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Differential Colon Cancer Survival by Ethnicity in New Zealand

About the project

Objective

The main objectives of the Differential Colon Cancer Survival by Ethnicity in New Zealand projects main objectives were to:

  1. Assess the extent to which survival from colon cancer varies between Māori and non-Māori independently of stage at diagnosis
  2. To identify post-diagnosis factors contributing to this inequality, including differences in treatment and follow-up

Recent research suggests that Māori have worse survival rates from cancer (including colon cancer) compared with non-Māori. Moreover, this difference appears at least partly due to factors occurring after diagnosis.

Overview

New Zealanders with colon cancer were identified from the cancer registry (n=642). Information was obtained about their cancer and treatment from health care records, pathology records, and the national mortality database. We have compared characteristics important to survival between Māori and non-Māori. We have also conducted survival analyses assessing the impact of disease, patient, treatment, and healthcare factors on survival disparities.

Results

The results of this study are currently in the process of being published and disseminated more generally. The main findings were that:

  • Māori patients have significantly poorer survival from colon cancer compared with non-maori patients (HR 1.33)
  • Greater comorbidity levels and differences in health care access are both important mediators of worse survival in Māori (each accounts for ~ 1/3 of the total disparity)

Funder

cancer-society-logoThis research was funded by The Cancer Society of New Zealand.

Publications

Hill S, Sarfati D, Blakely T, Robson B, Purdie G, Chen J, Dennett E, Cormack D, Cunningham R, Dew K, McCreanor T, Kawachi I. Ethnicity and Management of Colon Cancer in New Zealand: Do Indigenous Patients Get a Worse Deal? Cancer 2010; 116: 3205-14

Hill S, Sarfati D, Blakely T, Robson B, Purdie G, Chen J, Dennett E, Cormack D, Cunningham R, Dew K, McCreanor T, Kawachi I. Survival disparities in Indigenous and non-Indigenous New Zealanders with colon cancer: the role of patient comorbidity, treatment and health service factors. J Epidemiol Community Health 2010; 64: 117-123

Sarfati D, Hill S, Purdie G, Dennett E, Blakely T. How well does routine hospitalisation data capture information on comorbidity in New Zealand? New Zealand Medical Journal 2010; 123(1310) :50-61

Hill S, Sarfati D, Blakely T, Robson B, Purdie G, Chen J, Dennett L, Cormack D, Cunningham R, Dew K, McCreanor T, Kawachi I. Survival disparities in Indigenous and non-Indigenous New Zealanders with colon cancer: the role of patient comorbidity, treatment and health service factors. J Epidemiol Community Health. 2010; 64: 117-123

Hill S, Sarfati D, Blakely T, Robson B. Ethnicity and cancer treatment in New Zealand: do Maori patients get a worse deal? J Epidemiol Community Health 2009; 63(13)

Sarfati D, Hill S, Blakely T, Robson B, Purdie G,  Dennett L, Cormack D, Dew K. The effect of comorbidity on the use of adjuvant chemotherapy and survival from colon cancer: a retrospective cohort study. BMC Cancer 2009; 9(116)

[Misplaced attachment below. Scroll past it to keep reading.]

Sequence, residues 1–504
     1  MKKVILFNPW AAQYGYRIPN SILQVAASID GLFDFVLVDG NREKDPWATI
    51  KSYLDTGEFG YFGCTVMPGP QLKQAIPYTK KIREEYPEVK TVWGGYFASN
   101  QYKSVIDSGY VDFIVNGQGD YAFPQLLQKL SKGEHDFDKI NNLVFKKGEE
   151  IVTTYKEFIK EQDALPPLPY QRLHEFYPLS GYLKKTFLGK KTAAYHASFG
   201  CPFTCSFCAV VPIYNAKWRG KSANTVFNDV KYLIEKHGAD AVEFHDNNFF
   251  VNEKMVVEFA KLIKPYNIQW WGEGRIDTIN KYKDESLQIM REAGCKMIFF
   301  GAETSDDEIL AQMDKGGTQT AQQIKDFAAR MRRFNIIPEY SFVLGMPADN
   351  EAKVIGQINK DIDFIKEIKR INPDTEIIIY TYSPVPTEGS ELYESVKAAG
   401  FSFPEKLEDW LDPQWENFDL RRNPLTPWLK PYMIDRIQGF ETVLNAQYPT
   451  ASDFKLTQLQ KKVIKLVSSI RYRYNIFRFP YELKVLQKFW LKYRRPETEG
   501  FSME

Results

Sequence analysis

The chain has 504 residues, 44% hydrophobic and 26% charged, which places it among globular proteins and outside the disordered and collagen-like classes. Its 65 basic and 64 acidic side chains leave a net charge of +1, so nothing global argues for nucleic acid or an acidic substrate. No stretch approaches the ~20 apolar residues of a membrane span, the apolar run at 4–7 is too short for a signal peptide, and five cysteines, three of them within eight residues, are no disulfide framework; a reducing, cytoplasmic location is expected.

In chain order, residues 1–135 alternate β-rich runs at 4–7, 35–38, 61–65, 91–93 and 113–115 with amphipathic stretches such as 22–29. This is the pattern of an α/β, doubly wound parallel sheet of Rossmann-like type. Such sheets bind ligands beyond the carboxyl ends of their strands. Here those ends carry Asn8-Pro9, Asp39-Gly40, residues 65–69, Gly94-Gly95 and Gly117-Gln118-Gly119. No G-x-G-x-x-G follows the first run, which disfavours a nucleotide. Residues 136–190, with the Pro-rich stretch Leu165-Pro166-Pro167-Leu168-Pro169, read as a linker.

Cunningham R, Sarfati D, Hill S, Dennett E, O’Donnell A. Colon cancer management in New Zealand 1996-2003. New Zealand Medical Journal 2009; 122(1294): 51-60

Cunningham R, Sarfati D, Hill S, Kenwright D. An Audit of Colon Cancer Data on the New Zealand Cancer Registry. New Zealand Medical Journal 2008; 121(1279): 46-56

Sarfati D, Blakely T, Hill S. The epidemiology of relative survival analysis. Australasian Epidemiologist 2008; 15(1): 21-3 [abstract only]

Presentations

Hill SE, Sarfati D. Survival differences between indigenous and non-indigenous New Zealanders with colon cancer: contribution of disease, patient and health care factors (3818).  International Epidemiology Association, XVIII World Congress of Epidemiology, Porto Alegre, Brazil, 21 September 2008. 

Hill SE, Sarfati D, Blakely T, Robson B, Purdie G, Kawachi I. Survival differences between indigenous and non-indigenous New Zealanders with colon cancer: contribution of disease, patient and health care factors.  Society of Epidemiology Research, Xth Annual Scientific meeting, Chicago, IL, 26 June 2008.  In: American Journal of Epidemiology 2008;167(S11):S128

Sarfati D, Hill S, Blakely T, Robson B, Purdie G,  Dennett L, Cormack D, Dew K.  Comorbidity and colon cancer.  The effect of comorbidity on the use of adjuvant chemotherapy and survival from colon cancer.  (Poster)  International Epidemiology Association, XVIII World Congress of Epidemiology, Porto Alegre, Brazil, 21 September 2008.

Sarfati D, Blakely T, Hill S.  The epidemiology of relative survival analyses. Australasian Epidemiologist 2007; 14(3): 109

Sarfati D. Ethnic inequalities in cancer survival. Public Health Association Conference. 2007, Auckland

Hill SE; Sarfati D. 2006.  How should we measure disparities in cancer survival? – Māori  and non-Māori  New Zealanders with colon cancer: cause-specific vs relative survival.  Australasian Epidemiologist 2006; 13 (3): 50.

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